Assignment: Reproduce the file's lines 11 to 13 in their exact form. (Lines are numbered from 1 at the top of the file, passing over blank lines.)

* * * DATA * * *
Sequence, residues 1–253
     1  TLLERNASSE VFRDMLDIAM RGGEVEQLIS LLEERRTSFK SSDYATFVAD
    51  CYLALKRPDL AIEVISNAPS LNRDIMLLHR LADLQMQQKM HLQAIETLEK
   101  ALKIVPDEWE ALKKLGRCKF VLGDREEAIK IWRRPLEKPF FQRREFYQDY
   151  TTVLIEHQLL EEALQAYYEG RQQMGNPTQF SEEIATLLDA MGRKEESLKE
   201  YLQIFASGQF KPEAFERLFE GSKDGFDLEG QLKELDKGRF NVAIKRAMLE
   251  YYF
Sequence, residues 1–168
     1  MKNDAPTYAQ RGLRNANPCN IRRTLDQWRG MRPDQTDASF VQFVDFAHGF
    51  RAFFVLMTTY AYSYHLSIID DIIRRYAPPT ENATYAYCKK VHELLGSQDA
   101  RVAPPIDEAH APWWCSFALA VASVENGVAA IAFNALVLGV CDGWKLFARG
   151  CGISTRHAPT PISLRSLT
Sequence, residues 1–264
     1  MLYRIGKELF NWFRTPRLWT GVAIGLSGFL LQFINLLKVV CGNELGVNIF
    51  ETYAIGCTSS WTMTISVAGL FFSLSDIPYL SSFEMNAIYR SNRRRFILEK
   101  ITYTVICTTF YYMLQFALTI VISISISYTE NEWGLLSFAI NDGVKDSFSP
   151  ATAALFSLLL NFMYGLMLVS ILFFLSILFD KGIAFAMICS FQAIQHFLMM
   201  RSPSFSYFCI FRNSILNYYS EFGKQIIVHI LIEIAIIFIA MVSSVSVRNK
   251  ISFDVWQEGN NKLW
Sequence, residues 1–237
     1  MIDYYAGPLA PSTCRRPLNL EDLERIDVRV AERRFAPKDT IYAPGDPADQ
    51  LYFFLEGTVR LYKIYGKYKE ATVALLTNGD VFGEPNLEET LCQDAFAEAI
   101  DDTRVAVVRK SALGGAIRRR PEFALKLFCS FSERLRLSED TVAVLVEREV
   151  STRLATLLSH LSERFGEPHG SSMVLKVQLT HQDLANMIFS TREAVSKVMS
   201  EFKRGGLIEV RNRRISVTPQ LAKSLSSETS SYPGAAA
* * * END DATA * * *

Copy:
   101  RVAPPIDEAH APWWCSFALA VASVENGVAA IAFNALVLGV CDGWKLFARG
   151  CGISTRHAPT PISLRSLT
Sequence, residues 1–264